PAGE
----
|Framed Stack vs. Two Stack Architecture email@example.com (Avatar) (2006-04-21)|
|Re: Framed Stack vs. Two Stack Architecture firstname.lastname@example.org (2006-04-22)|
|Re: Framed Stack vs. Two Stack Architecture email@example.com (Dmitry A. Kazakov) (2006-04-22)|
|Re: Framed Stack vs. Two Stack Architecture DrDiettrich@compuserve.de (Hans-Peter Diettrich) (2006-04-23)|
|Re: Framed Stack vs. Two Stack Architecture firstname.lastname@example.org (George Neuner) (2006-04-23)|
|Re: Framed Stack vs. Two Stack Architecture email@example.com (2006-04-23)|
|Re: Framed Stack vs. Two Stack Architecture firstname.lastname@example.org (Tony Finch) (2006-04-23)|
|Re: Framed Stack vs. Two Stack Architecture email@example.com (2006-04-23)|
|Re: Framed Stack vs. Two Stack Architecture firstname.lastname@example.org (Tony Finch) (2006-04-25)|
|Re: Framed Stack vs. Two Stack Architecture email@example.com (Vladimir Lushnikov) (2006-04-28)|
|Re: Framed Stack vs. Two Stack Architecture firstname.lastname@example.org (Eliot Miranda) (2006-05-01)|
|[1 later articles]|
|From:||George Neuner <email@example.com>|
|Date:||23 Apr 2006 10:06:33 -0400|
|Posted-Date:||23 Apr 2006 10:06:33 EDT|
On 21 Apr 2006 23:49:01 -0400, "Avatar" <firstname.lastname@example.org>
>We are implementing a stack-based VM for a small interpretive
>language. I am currently investigating stack architectures and would
>like to better understand the advantages / dis-advantages of a
>framed-stack vs. two stack approach.
It's not an either/or question ... you can frame stacks regardless of
how many you have.
Separating data from control makes implementing proper tail recursion
easier. If you don't care about that, then how many you use is a
matter of convenience and taste.
>I understand that the JVM architecture implements a framed-stack: one
>frame per activation record (method call) with an embedded operand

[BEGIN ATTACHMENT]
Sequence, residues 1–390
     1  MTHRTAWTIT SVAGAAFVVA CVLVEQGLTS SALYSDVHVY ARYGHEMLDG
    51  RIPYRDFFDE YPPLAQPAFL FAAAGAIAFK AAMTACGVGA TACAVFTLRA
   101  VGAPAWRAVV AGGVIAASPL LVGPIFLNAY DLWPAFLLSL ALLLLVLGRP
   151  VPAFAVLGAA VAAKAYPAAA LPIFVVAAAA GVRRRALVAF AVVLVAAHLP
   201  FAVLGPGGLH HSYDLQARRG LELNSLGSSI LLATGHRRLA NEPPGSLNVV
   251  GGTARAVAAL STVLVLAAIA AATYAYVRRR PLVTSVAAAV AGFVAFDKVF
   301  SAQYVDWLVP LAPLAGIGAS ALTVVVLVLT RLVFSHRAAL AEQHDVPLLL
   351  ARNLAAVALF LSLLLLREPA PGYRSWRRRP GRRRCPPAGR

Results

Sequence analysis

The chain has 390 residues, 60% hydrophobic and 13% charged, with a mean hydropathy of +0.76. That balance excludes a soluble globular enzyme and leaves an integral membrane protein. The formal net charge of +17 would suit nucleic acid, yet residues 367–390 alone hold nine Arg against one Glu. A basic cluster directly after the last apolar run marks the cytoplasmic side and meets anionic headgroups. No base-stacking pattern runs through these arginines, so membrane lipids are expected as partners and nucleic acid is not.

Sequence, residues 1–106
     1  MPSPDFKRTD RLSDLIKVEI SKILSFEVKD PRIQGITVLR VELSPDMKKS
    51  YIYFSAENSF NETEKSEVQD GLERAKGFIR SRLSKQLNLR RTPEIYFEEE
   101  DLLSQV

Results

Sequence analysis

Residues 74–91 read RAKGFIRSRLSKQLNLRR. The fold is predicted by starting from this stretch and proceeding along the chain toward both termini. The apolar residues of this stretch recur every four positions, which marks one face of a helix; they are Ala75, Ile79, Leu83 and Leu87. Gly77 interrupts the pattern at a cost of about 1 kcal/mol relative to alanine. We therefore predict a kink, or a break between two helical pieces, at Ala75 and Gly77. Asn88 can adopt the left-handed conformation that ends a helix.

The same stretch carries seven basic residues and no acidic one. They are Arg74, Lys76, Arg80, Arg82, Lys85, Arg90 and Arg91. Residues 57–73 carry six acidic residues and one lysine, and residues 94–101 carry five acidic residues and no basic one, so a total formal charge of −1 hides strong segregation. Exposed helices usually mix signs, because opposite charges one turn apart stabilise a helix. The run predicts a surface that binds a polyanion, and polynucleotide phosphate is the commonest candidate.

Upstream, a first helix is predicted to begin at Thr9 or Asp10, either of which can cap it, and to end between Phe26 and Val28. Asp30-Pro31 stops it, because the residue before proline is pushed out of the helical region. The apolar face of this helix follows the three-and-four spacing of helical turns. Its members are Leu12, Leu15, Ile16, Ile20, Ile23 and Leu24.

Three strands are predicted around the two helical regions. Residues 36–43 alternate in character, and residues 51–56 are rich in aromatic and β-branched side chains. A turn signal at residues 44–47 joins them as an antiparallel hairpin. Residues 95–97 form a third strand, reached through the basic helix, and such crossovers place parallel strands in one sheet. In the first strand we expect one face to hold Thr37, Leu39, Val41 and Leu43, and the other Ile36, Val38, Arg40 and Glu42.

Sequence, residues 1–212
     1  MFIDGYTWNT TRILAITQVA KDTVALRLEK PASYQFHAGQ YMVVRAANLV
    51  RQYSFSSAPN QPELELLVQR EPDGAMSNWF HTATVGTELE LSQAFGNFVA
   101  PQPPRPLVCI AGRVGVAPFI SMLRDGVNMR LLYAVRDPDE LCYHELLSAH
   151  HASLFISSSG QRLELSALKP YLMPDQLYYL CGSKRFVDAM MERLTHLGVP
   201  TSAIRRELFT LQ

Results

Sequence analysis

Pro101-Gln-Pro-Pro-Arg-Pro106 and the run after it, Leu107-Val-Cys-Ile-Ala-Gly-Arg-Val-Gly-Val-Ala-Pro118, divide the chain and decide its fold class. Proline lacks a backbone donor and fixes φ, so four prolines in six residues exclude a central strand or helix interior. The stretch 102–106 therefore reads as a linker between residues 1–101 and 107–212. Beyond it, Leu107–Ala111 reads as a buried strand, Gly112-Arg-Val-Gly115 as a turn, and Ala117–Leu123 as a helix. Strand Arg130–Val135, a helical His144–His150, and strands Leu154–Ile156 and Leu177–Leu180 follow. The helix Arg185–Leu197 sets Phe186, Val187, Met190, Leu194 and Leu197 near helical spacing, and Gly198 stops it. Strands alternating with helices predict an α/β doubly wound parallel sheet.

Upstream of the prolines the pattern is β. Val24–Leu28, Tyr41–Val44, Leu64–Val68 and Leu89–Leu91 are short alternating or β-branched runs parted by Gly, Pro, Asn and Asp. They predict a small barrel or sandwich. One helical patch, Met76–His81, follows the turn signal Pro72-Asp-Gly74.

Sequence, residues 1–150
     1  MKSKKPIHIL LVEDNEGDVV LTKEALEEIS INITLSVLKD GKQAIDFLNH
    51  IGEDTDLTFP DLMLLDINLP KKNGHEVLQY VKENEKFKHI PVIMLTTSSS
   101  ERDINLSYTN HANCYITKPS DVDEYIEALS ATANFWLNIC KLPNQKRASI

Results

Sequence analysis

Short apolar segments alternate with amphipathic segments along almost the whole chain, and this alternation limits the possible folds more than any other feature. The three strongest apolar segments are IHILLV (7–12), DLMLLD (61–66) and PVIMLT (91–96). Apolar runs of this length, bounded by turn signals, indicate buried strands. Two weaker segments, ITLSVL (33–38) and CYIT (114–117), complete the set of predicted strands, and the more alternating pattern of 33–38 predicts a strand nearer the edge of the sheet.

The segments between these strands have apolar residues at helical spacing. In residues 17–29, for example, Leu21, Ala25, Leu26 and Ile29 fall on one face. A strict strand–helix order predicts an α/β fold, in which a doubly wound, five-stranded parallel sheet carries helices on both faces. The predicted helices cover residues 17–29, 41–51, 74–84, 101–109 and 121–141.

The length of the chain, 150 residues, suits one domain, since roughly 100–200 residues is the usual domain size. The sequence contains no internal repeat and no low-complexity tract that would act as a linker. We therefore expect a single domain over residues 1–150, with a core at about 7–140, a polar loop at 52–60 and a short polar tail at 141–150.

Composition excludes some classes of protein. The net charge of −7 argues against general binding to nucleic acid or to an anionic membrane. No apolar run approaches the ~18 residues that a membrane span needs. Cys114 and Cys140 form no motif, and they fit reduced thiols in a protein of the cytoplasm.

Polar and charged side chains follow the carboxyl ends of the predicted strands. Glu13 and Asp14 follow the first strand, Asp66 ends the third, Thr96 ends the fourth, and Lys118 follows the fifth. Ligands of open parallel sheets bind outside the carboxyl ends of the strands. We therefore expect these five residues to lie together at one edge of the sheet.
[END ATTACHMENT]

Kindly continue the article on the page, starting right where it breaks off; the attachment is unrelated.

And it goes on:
>stack. So essentially they have rolled the execution stack and operand
>stack into one. Right?
Yes. (see below).
>The language we are implementing is dynamic in nature (dynamic typing
>and alllows for on-the-fly code evaluation) so we would not have the
>advantage that the JVM has in knowing the max stack depth (operand
>stack) at compile time.
Just to clear up a misunderstanding ... by "stack depth" you really
mean "call depth" and the JVM does _not_ know this. The JVM knows the
frame size for each function,but it has no way to determine how many
nested calls may be made to a recursive function.
>At any point code can be evaluated on-the-fly
>within a function. Which I am guessing would eliminate the
>stacked-frame approach? As the frames need to be allocated to a
>certain size (can't grow based upon the demands for operand stack
You seem to think that "framed" equates to "fixed size". The
conventional stack frame is more of a window defined relative to the
Technically a "frame" is just a standardized layout. The frame for a
function defines a place for saving each piece of information ...
return address, link to previous frame, parameters, locals, etc.
In a single stack implementation, where the control information and
data are interspersed on the stack, each frame (typically) contains
some data above and below the associated control information.
Information common to all functions (call/return, save/restore regs,
etc.) is placed in the middle at fixed offsets and variably sized
things like parameters and locals are located at the top and bottom
and referenced by relative offsets. A register holds a pointer to the
current frame. Frames on the stack can overlap - one frame's locals
may be another's parameters.
With a separate data and control stack, every function's control frame
layout is (or can be) identical. This makes the control stack simple
because it can be just an array of fixed sized structures. But you
can also implement framing in the (more dynamic) data stack by having
each control frame keep indexing information for its corresponding
You would do well to pick up a few books on language implementation
and read about run time memory layouts.
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